TOKYO, Mar 13 (Reuters) The Nikkei average on Monday rose more than 1 percent and topped 16,300 for the first time since Feb. 15 as brokers such as Nomura Holdings added to the gains they made last week.
Optimism about the economy was bolstered after the Bank of Japan ended its five-year-old ultra-easy monetary policy last week, while gains in U.S. stocks after a government report showing stronger U.S. job market growth than expected in February helped shares in exporters.
''The market is moving away from the boxed range it was in prior to the BOJ's move,'' said Hiroyuki Fukunaga, chief strategist at Rakuten Securities.
Government data released before the open showed Japan's economy grew 1.3 percent in October-December from the previous quarter, a slight downward revision from the government's initial estimate. But the revised gross domestic product growth data for the fourth quarter was in line with the market consensus.
The Nikkei was up 1.16 percent or 187.29 points at 16,302.92 as of 0053 GMT after earlier rising as high as 16,355.85.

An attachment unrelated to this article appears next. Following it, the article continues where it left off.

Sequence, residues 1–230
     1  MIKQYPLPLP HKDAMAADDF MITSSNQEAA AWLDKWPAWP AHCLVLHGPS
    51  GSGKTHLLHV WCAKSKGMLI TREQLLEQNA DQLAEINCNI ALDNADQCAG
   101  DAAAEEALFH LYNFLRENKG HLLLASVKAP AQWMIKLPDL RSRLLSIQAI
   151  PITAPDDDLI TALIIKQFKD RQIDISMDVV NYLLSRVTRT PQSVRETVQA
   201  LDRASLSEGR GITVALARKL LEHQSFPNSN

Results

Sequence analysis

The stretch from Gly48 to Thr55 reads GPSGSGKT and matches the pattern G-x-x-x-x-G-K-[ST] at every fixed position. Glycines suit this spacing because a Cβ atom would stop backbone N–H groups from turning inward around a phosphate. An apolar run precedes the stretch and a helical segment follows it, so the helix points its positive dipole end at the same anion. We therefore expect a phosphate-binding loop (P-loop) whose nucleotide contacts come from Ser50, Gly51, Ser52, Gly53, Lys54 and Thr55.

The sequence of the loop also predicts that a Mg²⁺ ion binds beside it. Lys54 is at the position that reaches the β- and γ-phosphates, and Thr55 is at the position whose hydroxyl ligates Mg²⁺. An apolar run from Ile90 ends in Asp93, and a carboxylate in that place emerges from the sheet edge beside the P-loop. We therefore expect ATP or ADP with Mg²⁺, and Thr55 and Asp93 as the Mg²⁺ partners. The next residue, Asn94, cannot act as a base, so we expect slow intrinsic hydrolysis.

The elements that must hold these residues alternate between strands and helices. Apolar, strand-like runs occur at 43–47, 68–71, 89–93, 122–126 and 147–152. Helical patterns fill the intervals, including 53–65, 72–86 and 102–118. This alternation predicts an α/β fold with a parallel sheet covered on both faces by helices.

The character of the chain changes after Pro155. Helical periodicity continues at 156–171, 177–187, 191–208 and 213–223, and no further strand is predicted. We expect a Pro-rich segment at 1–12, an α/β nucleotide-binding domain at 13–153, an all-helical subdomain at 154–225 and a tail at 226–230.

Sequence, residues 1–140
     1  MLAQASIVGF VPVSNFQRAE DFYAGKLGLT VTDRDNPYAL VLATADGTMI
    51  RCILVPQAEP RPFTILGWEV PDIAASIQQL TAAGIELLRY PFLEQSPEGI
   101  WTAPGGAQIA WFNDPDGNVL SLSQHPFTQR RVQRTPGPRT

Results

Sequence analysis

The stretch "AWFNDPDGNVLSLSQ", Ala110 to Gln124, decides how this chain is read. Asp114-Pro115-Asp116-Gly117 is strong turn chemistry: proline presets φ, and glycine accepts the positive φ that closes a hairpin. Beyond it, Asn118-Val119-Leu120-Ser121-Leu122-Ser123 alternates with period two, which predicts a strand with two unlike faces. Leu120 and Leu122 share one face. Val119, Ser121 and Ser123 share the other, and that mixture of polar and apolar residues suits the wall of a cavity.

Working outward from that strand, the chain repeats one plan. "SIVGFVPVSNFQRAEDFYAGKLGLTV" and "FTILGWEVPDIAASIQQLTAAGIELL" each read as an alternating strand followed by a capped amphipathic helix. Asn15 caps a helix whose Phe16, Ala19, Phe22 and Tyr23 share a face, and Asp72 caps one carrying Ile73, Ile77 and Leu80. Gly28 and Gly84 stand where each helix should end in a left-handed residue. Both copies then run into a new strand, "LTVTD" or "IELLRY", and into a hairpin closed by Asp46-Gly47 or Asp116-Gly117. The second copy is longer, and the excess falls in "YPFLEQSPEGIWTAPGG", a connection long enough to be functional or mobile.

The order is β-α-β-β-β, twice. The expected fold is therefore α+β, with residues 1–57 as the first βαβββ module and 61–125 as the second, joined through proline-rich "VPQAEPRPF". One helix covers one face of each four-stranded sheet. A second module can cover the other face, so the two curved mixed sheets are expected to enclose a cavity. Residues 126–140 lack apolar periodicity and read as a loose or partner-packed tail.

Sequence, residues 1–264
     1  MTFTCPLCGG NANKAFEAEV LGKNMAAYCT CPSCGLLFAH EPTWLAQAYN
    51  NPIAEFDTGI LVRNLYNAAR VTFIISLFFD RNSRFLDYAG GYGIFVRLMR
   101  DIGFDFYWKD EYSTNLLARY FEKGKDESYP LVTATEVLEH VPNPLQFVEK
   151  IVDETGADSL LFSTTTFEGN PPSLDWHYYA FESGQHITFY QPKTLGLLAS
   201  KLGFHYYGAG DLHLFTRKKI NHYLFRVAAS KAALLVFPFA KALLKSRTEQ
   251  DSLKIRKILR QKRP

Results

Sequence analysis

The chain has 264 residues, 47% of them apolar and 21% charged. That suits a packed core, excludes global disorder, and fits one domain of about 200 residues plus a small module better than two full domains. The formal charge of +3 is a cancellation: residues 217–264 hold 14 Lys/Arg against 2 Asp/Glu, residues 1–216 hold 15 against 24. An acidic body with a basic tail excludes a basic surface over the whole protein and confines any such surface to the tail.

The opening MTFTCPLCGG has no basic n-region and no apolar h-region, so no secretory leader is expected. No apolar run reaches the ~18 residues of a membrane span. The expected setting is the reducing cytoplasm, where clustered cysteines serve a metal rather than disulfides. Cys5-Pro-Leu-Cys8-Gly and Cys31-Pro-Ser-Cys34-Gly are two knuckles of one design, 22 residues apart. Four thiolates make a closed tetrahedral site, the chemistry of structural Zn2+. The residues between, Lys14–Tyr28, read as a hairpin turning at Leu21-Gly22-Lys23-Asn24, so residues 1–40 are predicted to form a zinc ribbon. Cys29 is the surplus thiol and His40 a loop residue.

The broader TOPIX index was up 1.31 percent at 1,668.81.
Rakuten Securities' Fukunaga said there were two opposite views in the market before the central bank on Feb. 9 changed its monetary policy --- one was that higher interest rates would undermine the economy and the other was that even with higher rates, little impact was likely given the expected growth in corporate earnings.
''Now we know that those with the latter view have won,'' he said.
Nomura, Japan's No.1 brokerage, was up 2.6 percent at 2,380 yen and rival Daiwa Securities Group Inc. was up 1.6 percent at 1,433 yen.
Resona Holdings Inc. gained 1.5 percent to 404,000 yen after a weekend report Japan's fourth-biggest bank plans to repay some of the money it owes the government by listing a regional bank subsidiary.
Honda Motor Co. Ltd. rose 2 percent to 7,190 yen.
Japan's third-biggest auto maker said on Saturday that the company was looking to build a new domestic plant -- its first in 30 years -- mainly to manufacture advanced powertrains as it aims to raise its cars' fuel economy.
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